The lowest temperature in Seoul yesterday was 18.7 degrees Celsius and the highest was 29.7. Day temperature differences of more than 10 degrees Celsius make people feel that a one-degree difference is nothing peculiar. For the entire planet, however, this means significant change. British environmental activist and author Mark Lynas vividly illustrated such changes in his book Six Degrees. A one degree rise in the atmosphere devastates granaries of the world, destroys coral reefs, and melts permafrost in polar regions, leading to rising sea levels around the world.
In this context, many were shocked by the news that temperatures worldwide have risen about 0.7 degrees over the past century. Scientists have presented projections of rise in temperatures. The Intergovernmental Panel on Climate Change, however, said in its fourth report on climate change in 2007 that temperatures will increase within a range of 1.1 to 6.4 degrees by 2100.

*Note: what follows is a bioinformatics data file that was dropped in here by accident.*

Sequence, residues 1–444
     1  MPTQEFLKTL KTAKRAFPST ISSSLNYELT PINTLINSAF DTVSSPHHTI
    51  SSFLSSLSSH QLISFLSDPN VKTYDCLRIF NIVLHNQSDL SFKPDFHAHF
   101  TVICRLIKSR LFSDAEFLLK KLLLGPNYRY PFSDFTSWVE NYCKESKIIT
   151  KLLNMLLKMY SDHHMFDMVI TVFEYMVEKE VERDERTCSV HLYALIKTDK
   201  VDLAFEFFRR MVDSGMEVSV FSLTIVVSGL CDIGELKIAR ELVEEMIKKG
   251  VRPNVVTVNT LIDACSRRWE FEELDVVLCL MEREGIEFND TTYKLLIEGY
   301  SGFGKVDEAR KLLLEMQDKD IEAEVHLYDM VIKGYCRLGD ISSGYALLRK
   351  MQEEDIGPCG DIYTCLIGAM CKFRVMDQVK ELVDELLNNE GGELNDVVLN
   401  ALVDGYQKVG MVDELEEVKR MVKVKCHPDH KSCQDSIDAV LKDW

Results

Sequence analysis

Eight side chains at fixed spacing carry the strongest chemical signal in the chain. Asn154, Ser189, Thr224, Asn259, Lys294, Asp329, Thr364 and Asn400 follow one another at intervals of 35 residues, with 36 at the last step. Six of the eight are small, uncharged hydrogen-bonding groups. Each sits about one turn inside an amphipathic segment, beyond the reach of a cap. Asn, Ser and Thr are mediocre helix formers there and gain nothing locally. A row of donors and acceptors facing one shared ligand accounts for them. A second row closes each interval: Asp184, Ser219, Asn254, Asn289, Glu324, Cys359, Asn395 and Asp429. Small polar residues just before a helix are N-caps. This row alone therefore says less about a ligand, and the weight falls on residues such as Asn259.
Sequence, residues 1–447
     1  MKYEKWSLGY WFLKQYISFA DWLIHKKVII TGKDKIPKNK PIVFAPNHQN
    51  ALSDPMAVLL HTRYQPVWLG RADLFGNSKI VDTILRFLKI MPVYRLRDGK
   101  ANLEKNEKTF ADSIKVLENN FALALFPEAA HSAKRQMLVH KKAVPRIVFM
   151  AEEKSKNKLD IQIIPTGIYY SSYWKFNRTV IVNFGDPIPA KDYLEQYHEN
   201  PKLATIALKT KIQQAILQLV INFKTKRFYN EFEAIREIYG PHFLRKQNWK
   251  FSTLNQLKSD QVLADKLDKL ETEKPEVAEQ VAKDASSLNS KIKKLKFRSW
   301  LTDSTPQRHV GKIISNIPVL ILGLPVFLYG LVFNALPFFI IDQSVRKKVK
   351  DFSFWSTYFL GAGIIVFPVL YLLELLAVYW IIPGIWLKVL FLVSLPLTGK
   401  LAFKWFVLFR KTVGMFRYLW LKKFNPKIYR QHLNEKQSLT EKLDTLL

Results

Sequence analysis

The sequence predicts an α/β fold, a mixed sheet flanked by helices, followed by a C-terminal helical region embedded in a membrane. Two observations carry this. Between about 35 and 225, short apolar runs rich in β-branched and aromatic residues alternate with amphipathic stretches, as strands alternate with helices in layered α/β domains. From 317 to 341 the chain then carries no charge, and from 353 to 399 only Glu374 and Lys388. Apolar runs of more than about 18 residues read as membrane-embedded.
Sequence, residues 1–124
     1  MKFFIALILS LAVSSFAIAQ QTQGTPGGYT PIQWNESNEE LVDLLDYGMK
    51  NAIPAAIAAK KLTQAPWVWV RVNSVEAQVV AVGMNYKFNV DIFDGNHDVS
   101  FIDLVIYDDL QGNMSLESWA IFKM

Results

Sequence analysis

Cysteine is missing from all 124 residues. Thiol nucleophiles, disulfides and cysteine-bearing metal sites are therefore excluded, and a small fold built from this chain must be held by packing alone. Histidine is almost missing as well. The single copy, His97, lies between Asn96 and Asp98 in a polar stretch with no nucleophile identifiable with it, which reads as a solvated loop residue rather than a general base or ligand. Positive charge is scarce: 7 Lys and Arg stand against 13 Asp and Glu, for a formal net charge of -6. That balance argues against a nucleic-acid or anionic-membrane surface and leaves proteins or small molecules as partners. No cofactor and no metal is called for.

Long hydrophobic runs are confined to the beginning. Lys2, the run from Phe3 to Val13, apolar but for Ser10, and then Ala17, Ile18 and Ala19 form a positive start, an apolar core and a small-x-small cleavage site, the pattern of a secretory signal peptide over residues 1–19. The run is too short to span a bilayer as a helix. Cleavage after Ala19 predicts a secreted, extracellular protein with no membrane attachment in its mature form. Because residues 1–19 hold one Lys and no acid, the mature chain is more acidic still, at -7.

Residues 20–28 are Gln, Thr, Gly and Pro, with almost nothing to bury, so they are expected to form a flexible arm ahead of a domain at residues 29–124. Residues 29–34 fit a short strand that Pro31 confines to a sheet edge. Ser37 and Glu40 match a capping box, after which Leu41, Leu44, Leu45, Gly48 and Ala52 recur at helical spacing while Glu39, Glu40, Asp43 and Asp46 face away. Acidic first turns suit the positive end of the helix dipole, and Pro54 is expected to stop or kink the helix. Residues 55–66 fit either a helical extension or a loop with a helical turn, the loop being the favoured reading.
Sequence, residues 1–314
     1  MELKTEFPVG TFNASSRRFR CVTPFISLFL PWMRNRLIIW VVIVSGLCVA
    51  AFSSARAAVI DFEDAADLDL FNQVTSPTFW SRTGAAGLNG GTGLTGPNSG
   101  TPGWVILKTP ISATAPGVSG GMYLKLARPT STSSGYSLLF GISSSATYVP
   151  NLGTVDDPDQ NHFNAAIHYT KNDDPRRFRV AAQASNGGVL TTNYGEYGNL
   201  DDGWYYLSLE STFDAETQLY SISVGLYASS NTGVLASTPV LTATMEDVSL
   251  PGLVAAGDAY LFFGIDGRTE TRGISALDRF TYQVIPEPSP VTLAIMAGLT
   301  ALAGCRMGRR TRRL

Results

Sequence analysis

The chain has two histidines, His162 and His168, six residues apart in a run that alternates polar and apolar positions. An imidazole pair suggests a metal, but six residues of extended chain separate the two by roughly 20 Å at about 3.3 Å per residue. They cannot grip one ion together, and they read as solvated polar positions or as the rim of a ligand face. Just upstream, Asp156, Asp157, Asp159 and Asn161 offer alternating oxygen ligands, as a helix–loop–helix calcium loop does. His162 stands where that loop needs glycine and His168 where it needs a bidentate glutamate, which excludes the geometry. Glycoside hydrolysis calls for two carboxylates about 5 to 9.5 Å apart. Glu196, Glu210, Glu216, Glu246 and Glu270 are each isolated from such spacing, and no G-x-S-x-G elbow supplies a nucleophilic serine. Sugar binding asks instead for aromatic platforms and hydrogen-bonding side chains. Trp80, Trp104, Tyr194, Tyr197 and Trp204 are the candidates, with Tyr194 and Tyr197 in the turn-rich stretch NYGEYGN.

When volcanic dust covered the earths atmosphere after major volcanic eruptions in Indonesia 70,000 years ago, temperatures around the world plummeted. Because of this, the world population dropped to 15,000 to 40,000, according to scientists. Some 18,000 years ago when the last Ice Age came, the earth was colder than now by six degrees. As evidenced by traces of glaciers at Central Park in New York, North America was covered in ice at the time. This was the situation when temperatures dropped six degrees Celsius. What will happen when world temperatures rise that much is beyond scientific assumptions.
World leaders at the G8 summit, in which President Lee Myung-bak is also participating, have agreed to keep the world average temperature from rising more than two degrees from a century ago. Some criticize the agreement as lacking binding power and action plans to curb greenhouse gas emissions. Opposition from China and India for passing the responsibility of greenhouse gas emissions on to developing countries is also casting clouds over the path to a cleaner planet. According to Lynas, a two-degree rise in the average world temperature will change the nature of the monsoon climate that brings abundant rainfall, leading to widespread drought and more elderly people dying of heat in homes with no electricity due to disruption of hydroelectric plants. As horrible as the consequences of the two-degree rise are, humans will be relieved if the temperature rises only two degrees.
Editorial Writer Chung Sung-hee (firstname.lastname@example.org)